“Unique solution needed for north”

Posted By: August 11, 2017

Varadkar: UK could rejoin free trade association

John Manley. Irish News. Belfast. Saturday, August 5, 2017

Leo Varadkar has again voiced his hope that the UK will remain in the EU but has insisted that in the event of a hard Brexit Northern Ireland will require a “unique solution.”

The Taoiseach also dispelled the claim that the Dublin government advocated a “sea border” around Ireland.

Speaking in Belfast yesterday on his first visit north since becoming Fine Gael leader, he said a second referendum on EU membership would likely have a different outcome than last year’s shock result. However, he said if the UK was determined to sever ties with Brussels creating trade barriers would be in nobody’s interests.

Addressing an invited audience in Queen’s University’s Lanyon Building, Mr. Varadkar stressed  the need for greater understanding and cooperation between north and south in the face of the major upheaval caused by Brexit.

Much of his speech focused on the implications of the UK’s decision to leave the EU and how it had the potential to unravel the progress made in recent decades.

He said “every single aspect of life” in Northern Ireland could be affected by the outcome of the forthcoming Brexit negotiations – from jobs and tourism to fisheries and aviation.

The Taoiseach said the “clock was ticking” and that in October, he would be one of 27 EU prime ministers who together decide whether sufficient progress has been made to the Brexit negotiations to proceed to the next phase.

Pointing to potential post-Brexit “practical solutions”, Mr. Varadkar said if the UK left the customs union and single market, he wanted consideration given to bilateral trading arrangements with the EU, such as exists with Turkey, alongside a free trade agreement of the kind Norway enjoys.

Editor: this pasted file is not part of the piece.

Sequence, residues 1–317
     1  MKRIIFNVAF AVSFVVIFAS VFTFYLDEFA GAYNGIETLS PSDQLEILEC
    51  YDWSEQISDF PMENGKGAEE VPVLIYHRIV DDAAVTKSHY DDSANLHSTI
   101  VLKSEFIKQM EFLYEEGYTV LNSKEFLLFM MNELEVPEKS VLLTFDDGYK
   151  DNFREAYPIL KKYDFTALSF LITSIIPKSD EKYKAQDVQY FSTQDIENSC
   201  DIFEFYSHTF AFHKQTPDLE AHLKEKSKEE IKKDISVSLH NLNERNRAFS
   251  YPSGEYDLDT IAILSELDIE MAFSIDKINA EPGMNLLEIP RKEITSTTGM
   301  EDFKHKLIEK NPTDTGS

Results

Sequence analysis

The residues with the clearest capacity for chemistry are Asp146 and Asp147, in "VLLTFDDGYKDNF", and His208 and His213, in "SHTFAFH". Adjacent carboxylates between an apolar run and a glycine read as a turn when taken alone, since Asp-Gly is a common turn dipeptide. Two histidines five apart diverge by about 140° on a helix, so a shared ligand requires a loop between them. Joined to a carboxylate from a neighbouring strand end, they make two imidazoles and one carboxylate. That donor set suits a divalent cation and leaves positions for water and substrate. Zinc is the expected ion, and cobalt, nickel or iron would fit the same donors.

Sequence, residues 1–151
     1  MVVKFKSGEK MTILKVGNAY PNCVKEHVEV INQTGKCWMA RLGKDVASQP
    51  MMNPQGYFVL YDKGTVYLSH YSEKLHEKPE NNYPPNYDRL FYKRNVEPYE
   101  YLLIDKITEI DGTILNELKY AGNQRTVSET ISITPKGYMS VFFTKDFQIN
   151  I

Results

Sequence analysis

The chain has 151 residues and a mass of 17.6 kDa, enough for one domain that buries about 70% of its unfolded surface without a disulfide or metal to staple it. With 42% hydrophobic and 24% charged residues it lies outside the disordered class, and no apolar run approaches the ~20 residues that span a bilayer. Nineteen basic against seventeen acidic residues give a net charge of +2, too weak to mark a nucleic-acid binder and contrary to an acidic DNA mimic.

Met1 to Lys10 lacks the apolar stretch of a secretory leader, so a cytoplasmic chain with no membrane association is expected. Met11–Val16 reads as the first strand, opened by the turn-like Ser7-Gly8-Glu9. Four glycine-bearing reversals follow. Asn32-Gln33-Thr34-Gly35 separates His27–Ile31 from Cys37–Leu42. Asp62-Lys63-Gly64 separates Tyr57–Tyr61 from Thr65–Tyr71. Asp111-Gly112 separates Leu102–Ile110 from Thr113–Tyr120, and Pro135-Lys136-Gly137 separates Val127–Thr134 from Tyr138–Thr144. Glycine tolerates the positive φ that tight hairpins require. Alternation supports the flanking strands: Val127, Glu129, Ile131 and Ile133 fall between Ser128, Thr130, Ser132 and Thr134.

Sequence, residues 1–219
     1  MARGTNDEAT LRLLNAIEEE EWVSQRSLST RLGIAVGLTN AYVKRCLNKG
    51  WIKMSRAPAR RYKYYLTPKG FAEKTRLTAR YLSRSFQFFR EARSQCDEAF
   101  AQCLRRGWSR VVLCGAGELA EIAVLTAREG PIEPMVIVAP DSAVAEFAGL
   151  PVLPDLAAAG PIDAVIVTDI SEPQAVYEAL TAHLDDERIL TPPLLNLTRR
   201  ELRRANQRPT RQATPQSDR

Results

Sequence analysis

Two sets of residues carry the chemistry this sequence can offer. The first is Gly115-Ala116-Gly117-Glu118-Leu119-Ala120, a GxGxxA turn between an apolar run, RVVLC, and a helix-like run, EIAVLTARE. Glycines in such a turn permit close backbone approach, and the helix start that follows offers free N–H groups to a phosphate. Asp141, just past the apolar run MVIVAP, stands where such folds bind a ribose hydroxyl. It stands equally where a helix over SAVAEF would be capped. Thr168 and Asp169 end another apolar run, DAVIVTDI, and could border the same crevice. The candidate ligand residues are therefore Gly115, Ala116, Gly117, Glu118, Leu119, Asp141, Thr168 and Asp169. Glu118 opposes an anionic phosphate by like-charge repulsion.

He said a so-called hard Brexit would require a “unique solution” for the north but said he wanted others to help ensure such a scenario did not become reality.

“I would hope unionist parties for example, who would be keen to preserve and protect the union, would see how it is much easier to do that if in fact the United Kingdom stays in the customs union and stays in the single market because that takes away any need for any sort special arrangement or bespoke solution for Northern Ireland at all,” he said.

Responding to the ongoing controversy around reports that his administration favored shifting immigration and customs checks to ports and airports, Mr. Varadkar said it was not a proposal he was tabling.

“I wouldn’t like us to be in that position,” he said.

He again challenged Brexiteers to explain why a hard Brexit, with trade tariffs and customs restrictions, would benefit either the UK or Europe.

“If they can’t come up with those solutions, well then maybe they might talk about mine because the ones I have put forward are workable,” he said.

The Fine Gael leader said he was working on the assumption that Brexit would go ahead but remained hopeful that there would be a U-turn.

He said that throughout political history there were examples of people changing their minds.

“I’m an optimist. I’m conscious that in Ireland for example that we voted against the Lisbon Treaty and we were able to negotiate guarantees and changes and then we took a different view,” he said.

“I know here in Northern Ireland, there are people who voted against the Good Friday Agreement but

subsequently there was a St Andrews Agreement which allowed them to effectively come on board.”

The Taoiseach said the right of people in Northern Ireland to be European would remain after Brexit.

He said “this part of Ireland and this part of the UK” was “truly unique” and required bespoke solutions to ensure the progress of recent years was preserved.

“For too long, we have allowed competing identities, competing cultures, even competing histories, to be used to define ourselves and to define our neighbors,” he said.